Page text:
PODCAST: What if Your Husband’s Not on Board with Sharing Emotional Labor?

by | Jun 11, 2020 | Uncategorized | 16 comments

Merchandise is Here!

What if you want to redistribute the mental load and emotional labor in your household–but your husband’s not on board?

We’ve been talking about emotional labor all month on the blog, and we’ve got a lot more coming! And today on the podcast we want to continue the conversation by looking at how to renegotiate how your household functions. 

But first, listen in to the podcast!

When Your Hubby Wants to Help with Mental Load–but Doesn’t Always Understand

Sometimes you’re married to an awesome guy (I think  most of us are, really), and he wants to help, but he doesn’t understand what  needs to be done, and doesn’t feel the same ownership or urgency. 

That’s the situation Rebecca and Connor were in with mental load, and they discussed how they came to a great solution in the podcast this week. 

And it wasn’t only Connor who had to compromise–Rebecca had to learn a lot, too. That’s what marriage is about. Learning to be on the same team!

This conversation was a continuation of one we started last week on the blog about emotional labor, and on our podcast about emotional labor. I promised in the podcast this week that I’d point to all the posts so you could catch up:

Posts Coming in the Mental Load Series:

Another tool to talk about dividing up emotional labor: The Fair Play Cards

We’ve been talking this month about the book Fair Play by Eve Rodsky, which goes into the problems of one person bearing the majority of the mental load for the family, and how to even this out so you feel like you’re on the same team, and your marriage feels so much better. No more nagging. No more annoyance and frustration. No more confusion and lack of communication about tasks.

But she also has a card system that makes talking about this so much easier. So check out the cards, too!

 

 

Fair Play:

A Game-Changing Solution for Sharing Mental Load and Emotional Labor–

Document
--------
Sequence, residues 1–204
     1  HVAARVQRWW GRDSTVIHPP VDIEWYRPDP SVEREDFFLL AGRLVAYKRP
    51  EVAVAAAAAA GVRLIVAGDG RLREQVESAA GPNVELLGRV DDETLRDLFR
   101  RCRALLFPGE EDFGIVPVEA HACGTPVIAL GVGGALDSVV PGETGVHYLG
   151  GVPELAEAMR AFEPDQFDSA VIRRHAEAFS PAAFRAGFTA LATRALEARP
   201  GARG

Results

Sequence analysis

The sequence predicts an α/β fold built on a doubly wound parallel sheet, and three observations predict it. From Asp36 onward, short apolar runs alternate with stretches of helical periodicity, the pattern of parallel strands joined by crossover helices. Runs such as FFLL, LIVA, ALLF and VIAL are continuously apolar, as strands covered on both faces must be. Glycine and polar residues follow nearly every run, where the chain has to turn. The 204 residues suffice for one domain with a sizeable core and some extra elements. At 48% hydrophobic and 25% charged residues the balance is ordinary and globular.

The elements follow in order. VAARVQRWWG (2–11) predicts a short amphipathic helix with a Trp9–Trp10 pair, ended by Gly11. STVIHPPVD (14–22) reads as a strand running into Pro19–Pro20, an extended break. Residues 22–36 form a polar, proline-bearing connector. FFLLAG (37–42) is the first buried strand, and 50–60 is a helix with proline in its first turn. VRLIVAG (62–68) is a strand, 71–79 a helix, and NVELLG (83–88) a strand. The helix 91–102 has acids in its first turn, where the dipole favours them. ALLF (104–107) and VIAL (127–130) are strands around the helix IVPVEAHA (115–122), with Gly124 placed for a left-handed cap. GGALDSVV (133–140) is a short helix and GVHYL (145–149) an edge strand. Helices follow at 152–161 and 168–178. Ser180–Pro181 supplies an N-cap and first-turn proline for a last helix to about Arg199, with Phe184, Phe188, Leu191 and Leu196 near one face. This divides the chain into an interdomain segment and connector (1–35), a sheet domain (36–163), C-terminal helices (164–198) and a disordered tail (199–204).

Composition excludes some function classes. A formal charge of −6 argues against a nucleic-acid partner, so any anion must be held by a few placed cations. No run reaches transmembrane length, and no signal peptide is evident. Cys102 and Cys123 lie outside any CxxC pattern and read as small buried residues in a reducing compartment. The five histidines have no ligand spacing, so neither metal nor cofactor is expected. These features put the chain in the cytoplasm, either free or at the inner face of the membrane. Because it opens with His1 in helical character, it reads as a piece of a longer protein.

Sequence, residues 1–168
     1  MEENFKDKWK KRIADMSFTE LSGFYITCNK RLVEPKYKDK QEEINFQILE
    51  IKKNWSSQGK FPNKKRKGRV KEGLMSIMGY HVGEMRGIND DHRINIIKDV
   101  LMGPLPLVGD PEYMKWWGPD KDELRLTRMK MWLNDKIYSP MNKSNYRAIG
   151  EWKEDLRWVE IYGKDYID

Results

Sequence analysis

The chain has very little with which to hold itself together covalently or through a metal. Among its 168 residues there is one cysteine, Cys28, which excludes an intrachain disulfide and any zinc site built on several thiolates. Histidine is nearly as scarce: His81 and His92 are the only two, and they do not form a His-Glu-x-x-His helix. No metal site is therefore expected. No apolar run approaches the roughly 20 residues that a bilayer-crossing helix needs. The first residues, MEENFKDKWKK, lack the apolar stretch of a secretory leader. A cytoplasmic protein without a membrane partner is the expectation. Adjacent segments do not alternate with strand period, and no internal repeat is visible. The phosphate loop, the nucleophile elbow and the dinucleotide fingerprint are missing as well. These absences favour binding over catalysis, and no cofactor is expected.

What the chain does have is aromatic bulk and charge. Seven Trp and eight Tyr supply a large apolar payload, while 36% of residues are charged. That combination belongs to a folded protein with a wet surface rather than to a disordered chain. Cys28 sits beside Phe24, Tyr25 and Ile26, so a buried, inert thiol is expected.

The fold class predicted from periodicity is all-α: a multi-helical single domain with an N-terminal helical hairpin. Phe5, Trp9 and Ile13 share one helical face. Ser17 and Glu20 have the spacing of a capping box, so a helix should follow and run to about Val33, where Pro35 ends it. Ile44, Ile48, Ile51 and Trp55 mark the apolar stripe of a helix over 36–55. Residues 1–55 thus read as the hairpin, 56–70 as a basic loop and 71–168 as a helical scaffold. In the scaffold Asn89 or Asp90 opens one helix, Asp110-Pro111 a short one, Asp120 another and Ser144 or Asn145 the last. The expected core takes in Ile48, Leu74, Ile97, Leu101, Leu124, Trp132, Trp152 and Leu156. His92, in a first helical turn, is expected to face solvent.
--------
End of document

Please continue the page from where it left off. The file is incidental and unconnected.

that will transform your marriage!

What if your husband isn’t open to sharing mental load?

I hear a lot “well, he has mental load and stress from work, so I can’t ask him to take on anything at home.” I agree that housework may be off the table, but people still need to be engaged with relationships at home, especially with kids. And when a husband does nothing at home at all, that does set a bad example for the kids. 

I dealt with these questions on the podcast from women whose husbands aren’t as open to talking about things:

With regards to chores, how do you deal with a perfectionist? My husband complains about the yard/patio every single time he goes outside. We fixed it up nice this spring, but he still complains. I don’t have the energy to sweep the patio daily and weed the driveway cracks etc, so I mostly just tell him to do it himself. I always feel like he holds me to a higher standard and nothing is good enough— not just with me, but with our kids’ behavior, with his work, with everything. Nothing is good enough for a perfectionist. I mostly let it roll off my back because I’m used to it and he is hardest on himself and I know that, but sometimes it bothers me. Like about the yard.

Any household paperwork is my job— we hired an accountant for taxes but my husband is still asking me for paperwork that HE has for the taxes, so taxes haven’t been done. Finding a plumber when we have a leaky faucet? That’s on me to research. He mows, but it’s been on me to find someone to do yard work when he can’t do it. Basically the mental load of running the house is all on me. We need a new sink and he keeps telling me to pick a sink because he doesn’t want to get the wrong one. I even remind him to pay himself because he is self-employed. I struggle with mental load a lot and can’t say anything about it because he has too many clients and too much work to share in the household mental load. I meal plan and make the grocery list, but he does the shopping because I almost passed out after grocery shopping when about 6 weeks postpartum with my third kid— I had taken all 3 kids with me and it was too much. When he saw that he said he would do the groceries from then on.

Another woman commented this week:

I have tried on numerous occasions to get my teenage children and spouse to take on responsibility for certain tasks (after discussion about what they preferred from my list of stuff that needed doing really regularly). It’s the mental load of noticing and reminding that gets tedious: i find my son is very good doing specific tasks when asked to. Nowvwith us all stuck in the house together since lockdown it’s starting to get more shared out, certainly in terms of cooking meals and clearing up. My husband doesn’t cook though and recently my daughter has been noticing more how infrequently he will get up and clear dishes after family meals. So it has got to be a bit of a joke…however when she has cooked the evening meal he has taken the lead to say that she shouldn’t have to wash up because she cooked! Different rules for wives and daughters He is a good man but just not great at noticing stuff – very good at doing a task very thoroughly once he has got started though and gets frustrated if I mention other things to do before he has finished (oops). I think that may be a male trait.